cuneiform [kyoo- nee- uh-fawrm, kyoo-nee- uh-] adjective having the form of a wedge; wedge-shaped. composed of slim triangular or wedge-shaped elements, as the characters used in writing by the ancient Akkadians, Assyrians, Babylonians, Persians, and others. written in cuneiform characters: cuneiform inscription. . Anatomy noting or pertaining to any of various wedge-shaped bones, as of the tarsus. noun cuneiform characters or writing. a cuneiform bone. Origin of cuneiform 1670–80;
) a wedge +
Based on the Random House Unabridged Dictionary, © Random House, Inc. 2019
Related Words for cuneiform print
symbology Examples from the Web for cuneiform Historical Examples of cuneiform British Dictionary definitions for cuneiform adjective Also: cuneal wedge-shaped of, relating to, or denoting the wedge-shaped characters employed in the writing of several ancient languages of Mesopotamia and Persia, esp Sumerian, Babylonian, etc of or relating to a tablet in which this script is employed of or relating to any of the three tarsal bones noun cuneiform characters or writing any one of the three tarsal bones Word Origin for cuneiform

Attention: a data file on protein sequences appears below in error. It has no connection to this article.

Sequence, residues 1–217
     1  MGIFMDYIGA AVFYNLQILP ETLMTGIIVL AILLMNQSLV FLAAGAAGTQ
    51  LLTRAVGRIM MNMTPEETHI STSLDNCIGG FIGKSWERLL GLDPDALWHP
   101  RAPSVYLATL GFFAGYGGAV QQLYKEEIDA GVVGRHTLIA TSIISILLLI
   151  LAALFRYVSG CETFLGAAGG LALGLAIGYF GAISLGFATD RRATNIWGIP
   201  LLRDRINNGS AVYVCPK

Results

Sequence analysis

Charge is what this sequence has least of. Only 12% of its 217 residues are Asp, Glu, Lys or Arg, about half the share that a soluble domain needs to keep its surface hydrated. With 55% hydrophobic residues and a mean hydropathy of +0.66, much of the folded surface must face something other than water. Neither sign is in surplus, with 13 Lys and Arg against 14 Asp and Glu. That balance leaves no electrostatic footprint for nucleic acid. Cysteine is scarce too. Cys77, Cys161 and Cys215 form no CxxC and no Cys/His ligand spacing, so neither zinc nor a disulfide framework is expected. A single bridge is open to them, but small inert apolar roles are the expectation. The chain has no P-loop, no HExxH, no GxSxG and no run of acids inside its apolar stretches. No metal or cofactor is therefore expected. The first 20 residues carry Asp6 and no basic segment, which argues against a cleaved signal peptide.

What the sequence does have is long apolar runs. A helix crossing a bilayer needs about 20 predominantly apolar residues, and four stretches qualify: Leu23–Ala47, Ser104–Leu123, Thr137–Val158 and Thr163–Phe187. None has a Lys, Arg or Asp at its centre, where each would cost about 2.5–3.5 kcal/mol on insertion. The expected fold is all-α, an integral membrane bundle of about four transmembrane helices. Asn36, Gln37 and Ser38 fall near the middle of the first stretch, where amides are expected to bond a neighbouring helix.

C17: probably from Old French
cunéiforme, from Latin cuneus wedge
Collins English Dictionary - Complete & Unabridged 2012 Digital Edition
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Word Origin and History for cuneiform adj.
1670s, "wedge shaped," from French
cunéiforme (16c.), from Latin cuneus "a wedge, wedge-shaped thing," of unknown origin, + French -forme (see form (n.)). Applied to characters in ancient Middle Eastern inscriptions made with wedge-shaped writing tools; first used in this sense by German physician and traveller Engelbert Kämpfer (1681-1716); in English from 1818. As a noun from 1862.
Online Etymology Dictionary, © 2010 Douglas Harper
cuneiform [kyōō ′nē-ə-fôrm′, kyōō-nē ′-] adj. Wedge-shaped. Of, relating to, or being a wedge-shaped bone or cartilage. n. A wedge-shaped bone, especially one of three such bones of the foot.
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